Note: The following is adapted from a chapter of Christopher Paul Meyer’s memoir, Icarus Falling: A True Story About the Broken Dreams, Broken Heart and Broken Bones of a Nightclub Bouncer in LA.
I spent most days at the internet cafe on Sunset and La Brea where I’d try to find an unoccupied seat among the transients, the trannies and the Goths. It felt like a lot more than three miles away from Century City. This was where LA’s sun-kissed face turned into a snarl. I ignored the whispered propositions, the silent stares and the paranoid glances so I could troll for gigs on Craigslist. Maybe an art gallery on Wilshire needed a bathroom attendant for its next show. Or ABC Family Channel was hiring twenty-somethings to walk around the Beverly Center mall in costumes. There might be a guy paying $120 for someone to drive a limo for him and his friends on New Year’s Eve. Every few days I would find something to keep the wolf from the door for one more week.
After my latest gig, I was crammed next to a crew of starry-eyed, aspiring-somethings around a deli counter on Ventura Blvd. They were actors, comedians, singers, still scrambling optimistically for agents and auditions and big breaks.
I, on the other hand, was Icarus falling, flailing for anything to slow my plummet. In other words, I really needed a steady job.
The blonde at the other end of the counter was mid-paragraph into some long ramble I had stopped caring about minutes ago. “We really need people at my job. They’re getting desperate.”
I tried to remember what kind of job she had said she had. Waitress? No, bartender. At a nightclub. “What kinda jobs?” I asked like I had been listening all along.
“Do you do security?”
I did now. “Hell yeah.”
Now, nightclubs had never been my thing. Maybe because I could never afford to go to them. Or because I hadn’t had a drink in seven years. Or because I wasn’t great at screaming small talk and pick-up lines into girls’ ears.
But working at a nightclub made sense. It would effortlessly propel me into the epicenter of the drama. It would give me a steady IV drip of adrenaline. And I wouldn’t have to drown myself in cologne, hair gel and Ed Hardy t-shirts to fit in.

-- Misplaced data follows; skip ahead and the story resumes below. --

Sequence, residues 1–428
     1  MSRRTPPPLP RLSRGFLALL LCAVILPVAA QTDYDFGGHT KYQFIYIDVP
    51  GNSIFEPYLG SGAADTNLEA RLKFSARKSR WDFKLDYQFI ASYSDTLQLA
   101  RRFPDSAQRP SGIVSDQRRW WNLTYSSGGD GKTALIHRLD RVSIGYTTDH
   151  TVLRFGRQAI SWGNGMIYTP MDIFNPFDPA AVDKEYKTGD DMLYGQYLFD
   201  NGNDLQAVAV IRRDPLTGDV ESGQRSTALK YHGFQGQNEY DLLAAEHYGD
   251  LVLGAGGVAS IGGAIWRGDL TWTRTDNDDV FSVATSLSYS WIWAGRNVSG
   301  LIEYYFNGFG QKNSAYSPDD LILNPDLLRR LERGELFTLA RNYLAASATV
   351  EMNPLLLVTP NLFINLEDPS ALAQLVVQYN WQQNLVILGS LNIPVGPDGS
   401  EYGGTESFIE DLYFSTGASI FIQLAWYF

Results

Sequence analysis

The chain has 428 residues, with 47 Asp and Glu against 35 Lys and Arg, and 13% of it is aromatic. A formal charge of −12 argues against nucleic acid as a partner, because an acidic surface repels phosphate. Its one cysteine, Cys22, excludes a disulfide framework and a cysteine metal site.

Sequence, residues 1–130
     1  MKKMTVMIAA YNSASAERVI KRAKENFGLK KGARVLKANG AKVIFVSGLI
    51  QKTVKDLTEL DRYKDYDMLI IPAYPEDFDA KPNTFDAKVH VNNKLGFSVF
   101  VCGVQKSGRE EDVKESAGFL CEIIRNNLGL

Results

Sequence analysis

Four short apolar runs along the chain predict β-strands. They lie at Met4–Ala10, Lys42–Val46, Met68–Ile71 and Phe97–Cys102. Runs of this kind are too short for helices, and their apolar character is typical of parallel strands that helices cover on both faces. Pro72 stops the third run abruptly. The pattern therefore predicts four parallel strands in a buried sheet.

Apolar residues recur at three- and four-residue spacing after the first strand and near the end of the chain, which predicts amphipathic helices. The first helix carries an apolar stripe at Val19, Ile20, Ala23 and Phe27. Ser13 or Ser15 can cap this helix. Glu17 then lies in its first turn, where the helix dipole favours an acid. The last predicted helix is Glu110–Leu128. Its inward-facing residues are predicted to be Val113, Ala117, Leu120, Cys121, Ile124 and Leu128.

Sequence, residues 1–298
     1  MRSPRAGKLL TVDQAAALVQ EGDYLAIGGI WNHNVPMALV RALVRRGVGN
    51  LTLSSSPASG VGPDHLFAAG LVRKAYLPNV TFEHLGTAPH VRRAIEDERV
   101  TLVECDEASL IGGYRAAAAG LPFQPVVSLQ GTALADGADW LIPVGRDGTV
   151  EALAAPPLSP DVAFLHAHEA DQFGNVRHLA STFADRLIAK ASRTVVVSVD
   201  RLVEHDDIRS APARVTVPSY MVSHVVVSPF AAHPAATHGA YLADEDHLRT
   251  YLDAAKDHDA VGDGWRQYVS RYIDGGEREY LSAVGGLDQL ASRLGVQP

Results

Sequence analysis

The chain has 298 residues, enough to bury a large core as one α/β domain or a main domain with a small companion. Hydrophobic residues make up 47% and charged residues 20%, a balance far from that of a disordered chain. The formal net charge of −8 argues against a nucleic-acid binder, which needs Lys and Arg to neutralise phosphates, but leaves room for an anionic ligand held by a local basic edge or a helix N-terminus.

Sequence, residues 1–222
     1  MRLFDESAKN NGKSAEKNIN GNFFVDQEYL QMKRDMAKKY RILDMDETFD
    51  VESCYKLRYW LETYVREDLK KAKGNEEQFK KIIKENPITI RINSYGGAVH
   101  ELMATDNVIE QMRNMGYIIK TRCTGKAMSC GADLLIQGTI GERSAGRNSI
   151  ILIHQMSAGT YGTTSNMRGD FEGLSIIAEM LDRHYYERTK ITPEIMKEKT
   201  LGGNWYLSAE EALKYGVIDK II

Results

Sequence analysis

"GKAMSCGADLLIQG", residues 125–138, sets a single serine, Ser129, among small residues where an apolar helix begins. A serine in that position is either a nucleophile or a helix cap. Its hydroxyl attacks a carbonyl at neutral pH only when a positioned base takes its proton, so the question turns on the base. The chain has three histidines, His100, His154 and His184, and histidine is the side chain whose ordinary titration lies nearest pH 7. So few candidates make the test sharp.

I kept thinking about it as I opened the bathroom door for Jack Nicholson the next night at an art gallery and offered him a towel. Sure, I was thrilled to have the $60 cash I was making tonight. But I wasn’t giving up on my career just to watch Jack Nicholson take a dump. The idea of bouncing in downtown LA had me jazzed. I’d been a goddamn actor for too long. I’d lost respect for myself. I’d turned Downey-soft and gotten my ass kicked for it. I was tougher than I’d let myself be. There’s a certain grace and gentleness that had infected me because I thought stardom was imminent. Knowing I had nothing took away everything precious about me. It made me feral. Or, at least, I hoped it did. I had one week until I turned 30. One week until being broke and artistic stopped being cute. One week to shift gears and be something better than I was.
And so I traipsed through downtown, heading towards the address scrawled on the back of an unpaid electric bill. Walking on proper city blocks, past proper big-city skyscrapers felt comforting to the New Yorker in me. But it was just past six at night and the streets were empty. To the New Yorker in me, that felt unnatural. I mean, the sun was still out, for chrissakes. Hell, if I hadn’t seen the rush hour logjam on the freeways, I’d have thought I was the last man in LA. You know, before the zombies attacked.
Which wasn’t too far from the truth.
About half a block away, a hobo slouched towards me. OK, he was no zombie. In fact, from his body language, he looked way too aware that he’d had better days. Too bad. His day was about to get a lot worse.
Like a small, paunchy bullet, a swarthy, bald man marched across the street towards the hobo. He wasn’t a gangbanger. Not in those khakis, button-down shirt and windbreaker. This guy was a square. Well, a square with a goddamn brick-sized chip on his shoulder: without breaking stride, he kicked the hobo in the gut. Shit. This was pretty raw, especially in broad daylight and with no fear of consequences.
Baldy kicked the transient again, buckling his knees and bringing him to the ground. Hobo Joe groaned, voicing a feeble protest. Baldy wasn’t having any of it. He barked something at Joe and kicked him again.
Should I do something?
I was two-hundred feet away. Usually that wouldn’t obligate me to take action, but there was no one else around. But what the hell should I do? I didn’t know what the stakes were. I didn’t know who was right or what the backstory was. For all I knew someone could be armed. Was I really going to get physically involved for something I didn’t have a stake in?
No, I wasn’t. I didn’t run, I didn’t hide, I didn’t even break my stride. But I successfully suppressed any instinct to be a hero.
Baldy quickly stomped Joe in the stomach and spat on him, then shot an obligatory glance over each shoulder. We made eye contact briefly, but I was far enough away that he didn’t seem to care. Whatever beef he had was settled. His legs, still amped and jittery, resumed their purposeful strides. He speedwalked down the street and out of view.
Joe lay moaning in the gutter. Then, slowly, he rose and dusted himself off. He shrugged and muttered to himself. He sighed. And with that, he ambled across the street and got on with his life.
If this is how it was in the streets, I had to wonder what the job itself was going to be like.